Norfolk Southern CEO to tell senators how he plans to ‘make it right’ after Ohio derailment


Norfolk Southern CEO Alan Shaw will tell a U.S. Senate panel Thursday how he plans to “make it right” after one of the company’s trains derailed in East Palestine, Ohio, last month.

Shaw will appear at a hearing of the U.S. Senate Committee on Environment and Public Works, slated to begin at 10 a.m. ET, to address what committee Democrats called “environmental and public health threats” resulting from the derailment.

According to prepared testimony obtained by NBC News, Shaw will tell the Senate panel he is “deeply sorry for the impact this derailment has had on the people of East Palestine and surrounding communities.”

“We will clean the site safely, thoroughly, and with urgency. We are making progress every day,” Shaw plans to say, according to the written comments.

Shaw will also stress Norfolk Southern’s commitment to financial assistance for affected residents and first responders, amounting to more than $20 million in reimbursements and investments, according to the CEO.

“Norfolk Southern is working around the clock to remediate the remaining issues and monitor for any impact on public health and the environment,” Shaw plans to say. “We continue to listen to the experts and cooperate with state, federal, and local government agencies. We are committed to this monitoring for as long as necessary.”

Shaw will appear alongside Environmental Protection Agency regional administrator Debra Shore, Ohio EPA director Anne Vogel, Ohio River Valley Water Sanitation Commission executive director Richard Harrison, and Beaver County Department of Emergency Services director Eric Brewer.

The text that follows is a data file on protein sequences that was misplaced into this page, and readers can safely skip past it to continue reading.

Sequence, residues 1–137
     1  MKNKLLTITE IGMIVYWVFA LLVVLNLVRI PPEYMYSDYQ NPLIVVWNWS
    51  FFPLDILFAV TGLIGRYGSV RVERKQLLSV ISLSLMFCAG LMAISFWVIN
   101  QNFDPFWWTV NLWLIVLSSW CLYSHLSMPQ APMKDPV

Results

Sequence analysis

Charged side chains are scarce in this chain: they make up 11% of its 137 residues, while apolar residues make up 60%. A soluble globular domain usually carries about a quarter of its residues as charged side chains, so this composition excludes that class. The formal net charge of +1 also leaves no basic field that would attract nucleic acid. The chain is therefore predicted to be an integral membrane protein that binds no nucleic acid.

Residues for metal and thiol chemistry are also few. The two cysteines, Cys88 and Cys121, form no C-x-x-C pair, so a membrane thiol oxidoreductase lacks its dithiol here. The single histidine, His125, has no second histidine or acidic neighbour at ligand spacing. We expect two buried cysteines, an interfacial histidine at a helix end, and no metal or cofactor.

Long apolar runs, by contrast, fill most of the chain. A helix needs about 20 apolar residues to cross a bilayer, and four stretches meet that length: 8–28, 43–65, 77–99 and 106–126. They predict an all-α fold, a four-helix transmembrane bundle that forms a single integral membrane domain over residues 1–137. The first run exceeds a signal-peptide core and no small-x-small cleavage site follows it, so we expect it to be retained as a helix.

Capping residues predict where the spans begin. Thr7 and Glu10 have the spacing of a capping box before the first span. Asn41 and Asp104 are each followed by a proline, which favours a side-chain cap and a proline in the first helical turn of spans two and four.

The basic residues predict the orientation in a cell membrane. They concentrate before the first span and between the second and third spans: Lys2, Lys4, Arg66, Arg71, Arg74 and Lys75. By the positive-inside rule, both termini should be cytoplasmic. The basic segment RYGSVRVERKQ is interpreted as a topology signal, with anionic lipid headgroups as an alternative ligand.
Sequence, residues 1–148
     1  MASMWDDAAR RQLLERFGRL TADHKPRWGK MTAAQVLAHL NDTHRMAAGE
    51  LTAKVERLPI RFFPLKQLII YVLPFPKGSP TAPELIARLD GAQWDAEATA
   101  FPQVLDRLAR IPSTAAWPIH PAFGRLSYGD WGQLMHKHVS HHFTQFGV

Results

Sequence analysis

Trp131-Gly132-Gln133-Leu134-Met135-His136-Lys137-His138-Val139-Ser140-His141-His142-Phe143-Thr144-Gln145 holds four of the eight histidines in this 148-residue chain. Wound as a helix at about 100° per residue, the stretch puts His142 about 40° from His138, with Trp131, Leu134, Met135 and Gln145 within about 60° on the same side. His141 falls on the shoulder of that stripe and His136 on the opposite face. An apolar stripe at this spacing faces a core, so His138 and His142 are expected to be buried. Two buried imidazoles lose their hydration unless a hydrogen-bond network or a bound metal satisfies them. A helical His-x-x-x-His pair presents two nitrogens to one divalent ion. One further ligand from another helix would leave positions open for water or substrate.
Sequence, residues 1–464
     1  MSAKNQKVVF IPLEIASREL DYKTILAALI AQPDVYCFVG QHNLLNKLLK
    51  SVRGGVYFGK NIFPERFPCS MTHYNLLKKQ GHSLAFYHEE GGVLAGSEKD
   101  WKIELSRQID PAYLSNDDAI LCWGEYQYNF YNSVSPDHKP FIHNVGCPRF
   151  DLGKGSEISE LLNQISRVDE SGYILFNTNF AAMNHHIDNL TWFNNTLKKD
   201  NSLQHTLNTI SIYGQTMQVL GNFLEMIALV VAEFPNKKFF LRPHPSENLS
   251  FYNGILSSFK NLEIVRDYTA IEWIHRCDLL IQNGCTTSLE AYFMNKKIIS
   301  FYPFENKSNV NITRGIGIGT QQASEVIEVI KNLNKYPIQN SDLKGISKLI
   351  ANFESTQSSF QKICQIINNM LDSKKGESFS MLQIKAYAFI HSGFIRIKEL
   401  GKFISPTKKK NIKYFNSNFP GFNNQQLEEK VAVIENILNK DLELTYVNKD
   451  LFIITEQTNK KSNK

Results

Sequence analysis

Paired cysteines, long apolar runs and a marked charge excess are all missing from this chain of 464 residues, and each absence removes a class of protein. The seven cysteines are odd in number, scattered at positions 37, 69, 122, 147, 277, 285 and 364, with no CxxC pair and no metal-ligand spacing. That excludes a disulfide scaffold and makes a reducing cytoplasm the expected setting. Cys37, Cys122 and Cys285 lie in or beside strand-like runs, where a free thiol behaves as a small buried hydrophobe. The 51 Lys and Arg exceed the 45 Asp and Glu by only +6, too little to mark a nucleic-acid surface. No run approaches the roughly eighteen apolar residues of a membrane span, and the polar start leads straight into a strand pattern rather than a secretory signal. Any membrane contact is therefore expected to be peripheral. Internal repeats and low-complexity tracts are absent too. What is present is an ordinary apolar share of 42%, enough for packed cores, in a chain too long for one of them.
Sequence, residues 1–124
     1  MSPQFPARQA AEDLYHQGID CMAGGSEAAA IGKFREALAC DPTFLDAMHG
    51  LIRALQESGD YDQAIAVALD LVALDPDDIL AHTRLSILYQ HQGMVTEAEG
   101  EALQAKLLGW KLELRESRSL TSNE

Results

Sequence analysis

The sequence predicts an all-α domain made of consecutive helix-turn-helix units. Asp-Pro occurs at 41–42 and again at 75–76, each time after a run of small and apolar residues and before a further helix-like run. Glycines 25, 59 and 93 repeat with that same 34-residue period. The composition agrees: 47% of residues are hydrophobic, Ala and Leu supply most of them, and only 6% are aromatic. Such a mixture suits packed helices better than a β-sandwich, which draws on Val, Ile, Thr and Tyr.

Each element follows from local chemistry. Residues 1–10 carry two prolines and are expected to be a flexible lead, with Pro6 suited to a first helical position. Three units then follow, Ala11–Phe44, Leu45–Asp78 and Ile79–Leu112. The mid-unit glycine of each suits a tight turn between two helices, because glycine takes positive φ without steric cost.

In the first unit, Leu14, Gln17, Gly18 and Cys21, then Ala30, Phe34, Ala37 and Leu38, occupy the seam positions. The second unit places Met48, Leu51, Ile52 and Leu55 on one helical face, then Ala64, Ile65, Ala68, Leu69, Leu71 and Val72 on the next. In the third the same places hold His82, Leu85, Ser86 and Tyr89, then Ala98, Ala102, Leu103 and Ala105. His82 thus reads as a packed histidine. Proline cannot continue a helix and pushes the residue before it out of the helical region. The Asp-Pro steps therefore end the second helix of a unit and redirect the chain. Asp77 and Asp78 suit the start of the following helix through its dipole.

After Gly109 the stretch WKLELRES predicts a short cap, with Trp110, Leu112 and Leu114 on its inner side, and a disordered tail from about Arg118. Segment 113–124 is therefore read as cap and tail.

The committee will also hear from Ohio Sens. Sherrod Brown and J.D. Vance and Pennsylvania Sen. Bob Casey, who together introduced the Railway Safety Act of 2023. The bill aims to enhance safety procedures for trains transporting hazardous materials, establish requirements for wayside defect detectors, increase fines for wrongdoing and create a minimum requirement for two-person crews.

Other committees in Congress are also investigating the East Palestine derailment.

At about 9 p.m. local time on Feb. 3, an eastbound Norfolk Southern freight train with 11 tank cars carrying hazardous materials derailed and subsequently ignited. The chemicals included vinyl chloride, a highly flammable carcinogen, according to the National Transportation Safety Board.

No fatalities were reported after the derailment, though residents and officials have raised concerns. Rail union representatives told Biden administration officials at a meeting last week that rail workers have fallen ill in East Palestine during the site cleanup.

The NTSB released a preliminary report on Feb. 23 that pointed to an overheated wheel bearing as a factor in the derailment and fire. At the time, the train was instructed to stop, the bearing’s temperature measured 253 degrees hotter than ambient temperatures, above a threshold of 200 degrees hotter at which point temperatures are considered critical, according Norfolk Southern criteria.

On Saturday, another Norfolk Southern train derailed in Ohio, after which residents near Springfield were ordered to shelter in place. The train was not carrying hazardous materials, and no injuries were reported, though there were power outages in the area.

Hours after that derailment, internal emails obtained by CNBC indicated that Norfolk Southern was making broad safety adjustments to prevent future incidents. A company spokesman told CNBC the train carrier is now mandating trains over 10,000 feet long use distributed power, such that trains are powered from several locations across their length.

The Norfolk Southern incidents have spurred wide-sweeping reviews by government agencies. On Tuesday, the NTSB said it had opened a special investigation into the company’s organization and safety culture following the derailments. Separately, the Federal Railroad Administration announced it would conduct a 60-day supplement safety assessment of the company.

In a press briefing on Tuesday, Sen. Chuck Schumer, D-N.Y., condemned Norfolk Southern for spending “years pushing the federal government to ignore safety recommendations,” as well as launching a $20 billion stock buyback program and laying off thousands of workers, instead of upgrading safety equipment.

On Wednesday, Norfolk Southern announced it will create a new regional training center in Ohio for first responders, as well as expand its Operation Awareness and Response program, which educates first responders on safely responding to rail incidents. Training classes will begin on March 22 at Norfolk Southern’s Bellevue, Ohio, yard.


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